Exclusive interview with 2019 draft-eligible prospect Elijah Clarance

Photo: FIBA

Photo: FIBA

The leading scorer of the 2018 FIBA U20 European Championship talks about his experiences in the United States and Germany, as well as the upcoming NBA Draft

The NBA pre-draft process is upon us with hundreds of players who have decided to test the waters and try to get some feedback from decision-makers ahead of June’s draft. In addition to the early-entry candidates and the seniors coming out of college, there are some former NCAA D1 players who decided to play professionally in Europe and become automatically draft-eligible.

Last week, we released an interview with former Oklahoma State guard Tavarius Shine, an auto-eligible prospect who just finished his first pro season in Sweden. This time, Sportando had the chance to catch up with 1998-born Swedish prospect Elijah Clarance.

Clarance, a 6-foot-5 guard from Malmo, Sweden, started playing basketball in his hometown before he moved to the United States to play in high school and college. After one year at Illinois State in the NCAA D1, he was able to draw some attention at the FIBA U20 European Championship as he led the tournament in scoring with 22.4 points per game while playing for the Swedish national team. Clarance decided to leave Illinois State after his freshman year and now he’s been playing as a professional in Germany with the Fraport Skyliners. In his first season as a pro, Clarance is averaging 4.6 points and 1.8 rebounds in 11.8 minutes per game in the EuroCup and the German BBL, the national first division. Despite the limited playing time, he’s shown a lot of energy and great athleticism on both ends of the floor. He had a season-high 15 points in 19 minutes in a EuroCup matchup against Lokomotiv Kuban. Clarance has also appeared in 17 games for the Skyliners’junior team in the German Pro B, averaging 12.3 points, 3.8 rebounds, 3.9 assists and 1.5 steals in 25.2 minutes of action.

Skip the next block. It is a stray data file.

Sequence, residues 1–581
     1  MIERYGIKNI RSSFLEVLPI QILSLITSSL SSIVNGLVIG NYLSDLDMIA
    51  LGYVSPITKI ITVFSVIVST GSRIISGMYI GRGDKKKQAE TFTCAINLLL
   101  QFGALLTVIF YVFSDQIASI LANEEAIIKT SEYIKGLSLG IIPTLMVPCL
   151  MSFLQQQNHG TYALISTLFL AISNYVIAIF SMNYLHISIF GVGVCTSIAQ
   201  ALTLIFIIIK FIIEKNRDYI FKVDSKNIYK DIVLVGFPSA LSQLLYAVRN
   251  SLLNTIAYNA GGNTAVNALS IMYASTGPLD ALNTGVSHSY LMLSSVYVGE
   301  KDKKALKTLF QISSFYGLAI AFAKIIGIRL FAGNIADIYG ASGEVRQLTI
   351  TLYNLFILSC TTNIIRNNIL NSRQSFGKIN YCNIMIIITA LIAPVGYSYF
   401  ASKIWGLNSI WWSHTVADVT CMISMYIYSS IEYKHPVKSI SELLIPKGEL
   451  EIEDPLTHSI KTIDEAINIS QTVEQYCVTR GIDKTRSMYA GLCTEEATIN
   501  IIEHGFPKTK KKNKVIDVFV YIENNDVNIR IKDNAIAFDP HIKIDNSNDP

Here’s the outcome of our interview with Elijah Clarance.

First of all, I’d like to ask you about your experience in the United States, where you played in high school and college. So how would you describe this experience and how important was it for you not only as a player but also as a person?

I played three years at Santa Maria Goretti in Hagerstown, Maryland. I think it was the best decision that I could have made as far as my transition into the basketball player that I am today because I feel like in the States I really worked hard and I had a great coaching staff that really pushed me by waking up at 5.30 AM, working out before school and after school, lifting and stuff. They allowed me to get a lot of playing time and I was able to develop a lot. So high school was really good for me and I think I really flourished in my senior year, we won a lot. Then I chose Illinois State because they recruited me the hardest and I felt like I wanted to go to a mid-major where I could become the man basically. When I got there, I worked really hard and then unfortunately I got a stress fracture in my foot so I missed the whole preseason. I had other injuries so my confidence wasn’t there at all, but it gave me a lot of motivation to prove myself again. After that, I think playing with the Swedish national team helped me be hungry and play hard.

Why did you decide to leave Illinois State and come back to Europe after your freshman year?

After the tournament I had feedback from a couple of agents and they were asking me about the NBA. Maybe it was better for me to leave college and try [to play in] Europe and get accustomed to being a professional. I also think playing Europe would be the best for me as far as learning and understanding the game, so I think it was the best decision to come to Europe.